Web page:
apply to the sale of the residence and that the parties may wish 
to consult with an attorney concerning the applicable laws. 
    Sec. 21.  Minnesota Statutes 1988, section 518.619, is 
amended to read: 
    518.619 [CONTESTED CUSTODY OR VISITATION; MEDIATION 
SERVICES.] 
    Subdivision 1.  [MEDIATION PROCEEDING.] Except as provided 
in subdivision 2, if it appears on the face of the petition or 
other application for an order or modification of an order for 
the custody of a child that custody or visitation is contested, 
or that any issue pertinent to a custody or visitation 
determination, including visitation rights, is unresolved, the 
matter may be set for mediation of the contested issue prior 
to or, concurrent with, or subsequent to the setting of the 
matter for hearing.  The purpose of the mediation proceeding is 
to reduce acrimony which may exist between the parties and to 
develop an agreement assuring the child's close and continuing 
contact with both parents after the marriage is dissolved that 
is supportive of the child's best interests.  The mediator shall 
use best efforts to effect a settlement of the custody or 
visitation dispute, but shall have no coercive authority. 
    Subd. 2.  [EXCEPTION.] If the court determines that there 
is probable cause that one of the parties, or a child of a 
party, has been physically or sexually abused by the other 
party, the court shall not require or refer the parties to 
mediation or any other process that requires parties to meet and 
confer without counsel, if any, present. 
    Subd. 3.  [MEDIATOR APPOINTMENT.] In order to participate 
in a custody mediation, a mediator must be appointed by the 
family court.  A mediator must be a member of the professional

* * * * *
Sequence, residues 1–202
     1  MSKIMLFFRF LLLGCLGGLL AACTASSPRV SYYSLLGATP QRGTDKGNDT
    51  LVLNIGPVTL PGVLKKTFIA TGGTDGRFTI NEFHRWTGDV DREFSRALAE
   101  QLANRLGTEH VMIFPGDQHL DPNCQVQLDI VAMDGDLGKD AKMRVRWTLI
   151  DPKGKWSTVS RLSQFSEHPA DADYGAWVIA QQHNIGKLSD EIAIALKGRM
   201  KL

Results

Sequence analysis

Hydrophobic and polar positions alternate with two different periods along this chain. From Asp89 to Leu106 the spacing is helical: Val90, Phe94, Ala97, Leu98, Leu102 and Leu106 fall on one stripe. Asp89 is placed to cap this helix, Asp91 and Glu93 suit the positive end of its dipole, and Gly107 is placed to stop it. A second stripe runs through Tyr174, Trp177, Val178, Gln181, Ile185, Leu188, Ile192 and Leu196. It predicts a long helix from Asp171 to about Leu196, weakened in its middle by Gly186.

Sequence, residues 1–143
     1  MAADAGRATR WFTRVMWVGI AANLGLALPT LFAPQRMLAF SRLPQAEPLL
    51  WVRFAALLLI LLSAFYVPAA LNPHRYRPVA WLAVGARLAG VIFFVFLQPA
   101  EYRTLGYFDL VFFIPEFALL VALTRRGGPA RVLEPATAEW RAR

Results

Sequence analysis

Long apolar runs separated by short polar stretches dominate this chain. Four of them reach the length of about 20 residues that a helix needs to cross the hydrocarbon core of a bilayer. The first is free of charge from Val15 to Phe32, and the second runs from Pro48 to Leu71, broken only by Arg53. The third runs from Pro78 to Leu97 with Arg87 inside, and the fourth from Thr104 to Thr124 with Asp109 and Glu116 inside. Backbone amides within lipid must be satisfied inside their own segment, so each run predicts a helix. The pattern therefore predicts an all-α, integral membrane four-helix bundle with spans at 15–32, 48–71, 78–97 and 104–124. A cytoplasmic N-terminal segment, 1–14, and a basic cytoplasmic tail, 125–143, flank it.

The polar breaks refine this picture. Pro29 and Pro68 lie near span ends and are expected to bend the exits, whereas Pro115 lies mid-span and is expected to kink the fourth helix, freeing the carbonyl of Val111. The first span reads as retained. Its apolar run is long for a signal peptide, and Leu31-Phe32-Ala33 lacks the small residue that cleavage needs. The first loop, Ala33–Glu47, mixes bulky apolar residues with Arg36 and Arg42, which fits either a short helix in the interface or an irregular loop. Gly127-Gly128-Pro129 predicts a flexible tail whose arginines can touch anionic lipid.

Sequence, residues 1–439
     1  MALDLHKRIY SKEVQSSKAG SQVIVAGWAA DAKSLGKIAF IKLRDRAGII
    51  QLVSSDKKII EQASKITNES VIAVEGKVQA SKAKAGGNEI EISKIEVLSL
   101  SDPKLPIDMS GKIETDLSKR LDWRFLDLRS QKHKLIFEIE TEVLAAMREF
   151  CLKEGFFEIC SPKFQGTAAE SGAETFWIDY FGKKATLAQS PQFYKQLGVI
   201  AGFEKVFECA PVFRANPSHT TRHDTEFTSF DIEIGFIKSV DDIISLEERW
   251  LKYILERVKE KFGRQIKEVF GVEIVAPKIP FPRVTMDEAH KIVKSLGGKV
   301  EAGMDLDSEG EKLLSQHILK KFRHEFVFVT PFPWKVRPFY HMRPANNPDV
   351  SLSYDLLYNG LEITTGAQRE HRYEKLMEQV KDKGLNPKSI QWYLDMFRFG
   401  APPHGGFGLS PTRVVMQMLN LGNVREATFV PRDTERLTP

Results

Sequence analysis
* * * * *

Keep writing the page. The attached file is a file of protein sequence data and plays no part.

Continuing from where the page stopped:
staff of a family court, probation department, mental health 
services agency, or a private mediation service.  The mediator 
must be on a list of mediators approved by the court having 
jurisdiction of the matter, unless the parties stipulate to a 
mediator not on the list.  
    Subd. 4.  [MEDIATOR QUALIFICATIONS.] A mediator who 
performs mediation in contested child custody matters shall meet 
the following minimum qualifications: 
     (a) knowledge of the court system and the procedures used 
in contested child custody matters; 
     (b) knowledge of other resources in the community to which 
the parties to contested child custody matters can be referred 
for assistance; 
     (c) knowledge of child development, clinical issues 
relating to children, the effects of marriage dissolution on 
children, and child custody research; and 
     (d) a minimum of 40 hours of certified mediation training. 
     Subd. 5.  [RECORDS; PRIVATE DATA.] Mediation proceedings 
shall be conducted in private.  All records of a mediation 
proceeding shall be private and not available as evidence in an 
action for marriage dissolution and related proceedings on any 
issue in controversy in the dissolution.